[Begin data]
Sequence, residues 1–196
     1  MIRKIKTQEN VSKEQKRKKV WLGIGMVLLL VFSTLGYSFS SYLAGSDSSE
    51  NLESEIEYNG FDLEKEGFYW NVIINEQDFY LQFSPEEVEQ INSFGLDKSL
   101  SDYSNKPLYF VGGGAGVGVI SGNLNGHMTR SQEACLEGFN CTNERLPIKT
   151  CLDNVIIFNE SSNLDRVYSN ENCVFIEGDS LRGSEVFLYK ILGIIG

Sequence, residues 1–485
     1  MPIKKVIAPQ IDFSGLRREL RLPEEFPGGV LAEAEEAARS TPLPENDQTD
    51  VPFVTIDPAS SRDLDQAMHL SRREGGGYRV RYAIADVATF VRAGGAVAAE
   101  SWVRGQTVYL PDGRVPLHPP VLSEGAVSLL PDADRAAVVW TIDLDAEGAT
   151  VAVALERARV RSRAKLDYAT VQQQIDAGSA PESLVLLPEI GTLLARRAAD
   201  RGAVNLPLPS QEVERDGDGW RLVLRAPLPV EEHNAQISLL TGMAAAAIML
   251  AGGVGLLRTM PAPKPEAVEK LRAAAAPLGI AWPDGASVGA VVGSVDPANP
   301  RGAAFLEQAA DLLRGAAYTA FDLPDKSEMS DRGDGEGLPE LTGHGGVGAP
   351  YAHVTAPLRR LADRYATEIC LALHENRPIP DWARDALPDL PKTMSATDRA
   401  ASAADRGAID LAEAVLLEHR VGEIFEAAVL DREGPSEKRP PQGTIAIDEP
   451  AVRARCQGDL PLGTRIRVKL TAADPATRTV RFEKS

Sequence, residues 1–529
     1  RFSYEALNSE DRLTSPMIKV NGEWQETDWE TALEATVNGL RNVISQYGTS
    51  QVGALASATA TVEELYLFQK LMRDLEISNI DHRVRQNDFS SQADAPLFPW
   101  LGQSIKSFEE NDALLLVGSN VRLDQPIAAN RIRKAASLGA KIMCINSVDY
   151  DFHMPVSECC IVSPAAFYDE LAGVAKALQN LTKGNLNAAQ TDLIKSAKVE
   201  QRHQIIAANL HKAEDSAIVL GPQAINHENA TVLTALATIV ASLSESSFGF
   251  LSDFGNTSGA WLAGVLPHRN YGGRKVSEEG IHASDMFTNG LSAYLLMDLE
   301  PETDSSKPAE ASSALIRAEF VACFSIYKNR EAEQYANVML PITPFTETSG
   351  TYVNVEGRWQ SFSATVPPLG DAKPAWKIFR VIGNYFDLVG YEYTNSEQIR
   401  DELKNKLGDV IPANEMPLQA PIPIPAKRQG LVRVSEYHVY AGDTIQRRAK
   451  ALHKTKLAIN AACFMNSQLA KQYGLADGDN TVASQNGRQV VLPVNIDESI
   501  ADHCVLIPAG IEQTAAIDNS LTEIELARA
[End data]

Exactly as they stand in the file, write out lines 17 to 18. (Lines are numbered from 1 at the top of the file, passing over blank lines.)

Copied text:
Sequence, residues 1–529
     1  RFSYEALNSE DRLTSPMIKV NGEWQETDWE TALEATVNGL RNVISQYGTS